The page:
Category Archives: Spirituality

Israel and North America: A Tale of Two Judaisms

Nur Shlapobersky / Never Again Action

Observers have long suggested that two radically different visions of Judaism are currently unfolding in the contemporary world: one in Israel and the other in North America. While this isn’t a particularly new phenomenon, I can’t recall a time in which there were both so fully on display as they were last Sunday during the Jewish holy day of Tisha B’Av – when two very different Jewish communities observed the day in dramatically different fashion.

Tisha B’Av (literally “the 9th of the month of Av”) is a Jewish fast day of quasi-mourning that commemorates the destruction of the Temple in Jerusalem. In addition to chanting from the Book of Lamentations, Tisha B’Av contains prayers that yearn for the restoration of the Temple. But while traditionally religious Jews characteristically view this mythic restoration in the context of a far-off messianic age, there is a rapidly growing extremist movement in Israel that has been calling for the literal rebuilding of the Temple on the Temple Mount. The Temple movement also advocates the destruction of Muslim shrines – an act that would undeniably result in a violent cataclysm of unthinkable proportions.

Last Sunday, the Temple Mount became a flash point for violence on the day of Tisha B’Av – which happened this year to coincide with the Muslim festival of Eid al-Adha. In anticipation of the day, Temple movement leaders were pushing hard on the Israeli government to upend the status quo and allow them to worship on the site (which is ruled off limits to Jews by Jewish law – and thus the state of Israel.) Eventually, the political pressure from the Temple movement and far-right Israeli politicians caused Prime Minister Netanyahu to cave and allow the extremist worshippers to enter the Temple Mount. In midst of election season, Netanyahu is loath to alienate the extreme rightist voters he has been desperately trying to court.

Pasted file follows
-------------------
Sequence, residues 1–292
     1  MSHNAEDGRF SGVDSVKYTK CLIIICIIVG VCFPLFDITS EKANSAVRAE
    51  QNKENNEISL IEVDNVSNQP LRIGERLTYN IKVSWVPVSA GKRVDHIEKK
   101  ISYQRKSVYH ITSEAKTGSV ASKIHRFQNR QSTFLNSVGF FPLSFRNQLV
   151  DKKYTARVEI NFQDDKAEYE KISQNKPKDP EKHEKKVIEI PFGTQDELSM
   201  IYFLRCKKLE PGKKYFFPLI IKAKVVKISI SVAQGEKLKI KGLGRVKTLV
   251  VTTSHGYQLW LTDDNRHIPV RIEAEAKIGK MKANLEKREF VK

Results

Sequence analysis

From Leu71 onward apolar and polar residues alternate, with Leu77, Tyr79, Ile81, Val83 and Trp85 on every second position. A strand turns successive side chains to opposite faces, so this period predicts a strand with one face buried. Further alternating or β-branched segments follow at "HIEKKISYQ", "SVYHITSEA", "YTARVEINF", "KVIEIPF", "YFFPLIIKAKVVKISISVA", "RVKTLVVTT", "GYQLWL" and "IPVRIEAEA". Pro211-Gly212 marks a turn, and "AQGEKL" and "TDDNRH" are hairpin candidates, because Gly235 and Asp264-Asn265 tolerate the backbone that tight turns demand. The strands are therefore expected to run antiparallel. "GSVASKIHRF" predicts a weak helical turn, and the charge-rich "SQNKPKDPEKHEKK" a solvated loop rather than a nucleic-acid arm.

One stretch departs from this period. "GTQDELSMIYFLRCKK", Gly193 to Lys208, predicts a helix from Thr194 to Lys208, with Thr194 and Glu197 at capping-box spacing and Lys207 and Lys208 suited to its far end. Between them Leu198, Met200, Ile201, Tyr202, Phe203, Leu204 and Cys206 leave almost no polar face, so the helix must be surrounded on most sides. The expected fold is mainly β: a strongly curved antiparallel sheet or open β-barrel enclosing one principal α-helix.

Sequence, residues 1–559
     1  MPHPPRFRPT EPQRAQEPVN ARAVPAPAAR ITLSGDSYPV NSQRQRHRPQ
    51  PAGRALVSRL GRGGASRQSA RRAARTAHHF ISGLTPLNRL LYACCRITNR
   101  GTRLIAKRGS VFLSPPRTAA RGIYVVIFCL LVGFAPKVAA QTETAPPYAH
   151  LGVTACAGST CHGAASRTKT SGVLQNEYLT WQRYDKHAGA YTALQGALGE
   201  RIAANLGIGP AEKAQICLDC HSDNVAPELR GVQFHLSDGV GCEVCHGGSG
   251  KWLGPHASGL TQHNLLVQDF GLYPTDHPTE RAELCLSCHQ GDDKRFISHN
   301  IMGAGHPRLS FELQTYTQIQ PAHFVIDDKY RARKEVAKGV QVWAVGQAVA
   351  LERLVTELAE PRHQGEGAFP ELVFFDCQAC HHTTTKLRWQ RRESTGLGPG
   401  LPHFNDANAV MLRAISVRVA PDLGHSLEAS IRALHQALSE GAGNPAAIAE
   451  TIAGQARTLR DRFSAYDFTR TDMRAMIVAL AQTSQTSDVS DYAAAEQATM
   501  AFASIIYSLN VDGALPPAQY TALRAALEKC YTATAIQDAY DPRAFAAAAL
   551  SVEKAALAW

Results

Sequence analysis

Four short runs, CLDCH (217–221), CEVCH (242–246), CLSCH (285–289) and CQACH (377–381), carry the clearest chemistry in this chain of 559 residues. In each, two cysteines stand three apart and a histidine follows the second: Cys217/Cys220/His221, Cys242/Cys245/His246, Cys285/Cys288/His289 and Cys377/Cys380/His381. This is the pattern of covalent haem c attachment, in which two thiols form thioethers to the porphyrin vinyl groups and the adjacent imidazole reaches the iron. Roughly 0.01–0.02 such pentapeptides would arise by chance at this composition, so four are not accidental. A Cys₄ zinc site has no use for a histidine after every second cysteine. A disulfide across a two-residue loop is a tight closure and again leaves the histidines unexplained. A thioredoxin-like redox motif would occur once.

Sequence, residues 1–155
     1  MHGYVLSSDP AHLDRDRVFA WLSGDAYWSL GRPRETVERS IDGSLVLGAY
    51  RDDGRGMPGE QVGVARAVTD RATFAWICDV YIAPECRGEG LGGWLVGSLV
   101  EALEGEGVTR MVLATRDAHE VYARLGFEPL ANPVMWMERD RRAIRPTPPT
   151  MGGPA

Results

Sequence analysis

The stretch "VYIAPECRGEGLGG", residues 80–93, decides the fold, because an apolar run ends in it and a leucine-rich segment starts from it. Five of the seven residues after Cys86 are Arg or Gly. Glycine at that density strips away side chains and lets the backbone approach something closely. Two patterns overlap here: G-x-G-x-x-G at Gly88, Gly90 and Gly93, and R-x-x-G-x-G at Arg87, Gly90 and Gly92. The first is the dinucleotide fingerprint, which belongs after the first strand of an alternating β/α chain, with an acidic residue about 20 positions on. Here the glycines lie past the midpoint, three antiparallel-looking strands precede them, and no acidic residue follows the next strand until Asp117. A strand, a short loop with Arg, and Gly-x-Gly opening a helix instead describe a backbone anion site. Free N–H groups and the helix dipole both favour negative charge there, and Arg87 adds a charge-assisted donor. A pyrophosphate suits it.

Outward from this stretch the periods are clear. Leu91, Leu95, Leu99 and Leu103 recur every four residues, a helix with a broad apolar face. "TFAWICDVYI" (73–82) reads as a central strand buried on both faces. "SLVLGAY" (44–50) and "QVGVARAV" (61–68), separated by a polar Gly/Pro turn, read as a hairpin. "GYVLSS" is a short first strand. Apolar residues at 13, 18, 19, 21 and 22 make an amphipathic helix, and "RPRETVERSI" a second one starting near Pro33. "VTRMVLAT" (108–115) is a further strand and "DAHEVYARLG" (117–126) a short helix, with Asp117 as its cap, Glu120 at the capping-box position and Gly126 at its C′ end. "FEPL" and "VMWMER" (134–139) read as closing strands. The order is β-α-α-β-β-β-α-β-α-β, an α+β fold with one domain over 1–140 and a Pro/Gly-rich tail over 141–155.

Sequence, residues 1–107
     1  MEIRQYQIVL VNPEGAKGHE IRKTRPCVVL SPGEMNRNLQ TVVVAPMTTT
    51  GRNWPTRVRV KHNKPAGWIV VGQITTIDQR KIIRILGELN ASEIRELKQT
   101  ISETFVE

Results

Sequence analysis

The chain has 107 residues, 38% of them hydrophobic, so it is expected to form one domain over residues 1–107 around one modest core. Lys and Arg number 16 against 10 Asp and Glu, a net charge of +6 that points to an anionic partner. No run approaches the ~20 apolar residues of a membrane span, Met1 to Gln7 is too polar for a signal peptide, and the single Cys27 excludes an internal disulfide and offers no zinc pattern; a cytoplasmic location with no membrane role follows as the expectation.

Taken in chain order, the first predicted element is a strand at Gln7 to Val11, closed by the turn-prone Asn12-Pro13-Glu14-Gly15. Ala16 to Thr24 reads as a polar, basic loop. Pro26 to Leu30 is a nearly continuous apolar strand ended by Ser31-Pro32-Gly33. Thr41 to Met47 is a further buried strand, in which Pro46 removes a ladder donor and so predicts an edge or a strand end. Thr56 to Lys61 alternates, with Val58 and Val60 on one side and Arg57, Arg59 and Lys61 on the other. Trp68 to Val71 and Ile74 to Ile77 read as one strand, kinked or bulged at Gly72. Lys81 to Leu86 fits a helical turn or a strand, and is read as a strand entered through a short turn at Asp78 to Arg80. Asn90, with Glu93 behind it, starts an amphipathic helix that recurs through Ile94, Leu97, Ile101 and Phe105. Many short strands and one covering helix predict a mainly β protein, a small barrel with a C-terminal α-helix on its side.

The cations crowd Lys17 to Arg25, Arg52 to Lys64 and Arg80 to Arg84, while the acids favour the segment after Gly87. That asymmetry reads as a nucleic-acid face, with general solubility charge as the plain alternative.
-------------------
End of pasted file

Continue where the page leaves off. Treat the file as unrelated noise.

Thus, on Sunday morning. Temple movement worshippers gathered on the Temple Mount. Later that morning, violence erupted after Muslim worshipers finished their prayers at the Al-Aqsa Mosque. According to reports, police forces fired stun grenades and tear gas canisters after, they claimed, “worshipers began hurling objects at officers and yelling ‘nationalistic remarks.'” The Palestinian Red Crescent said 61 Palestinians were wounded in the clashes, with 15 evacuated to nearby hospitals. The police reported that seven people were arrested.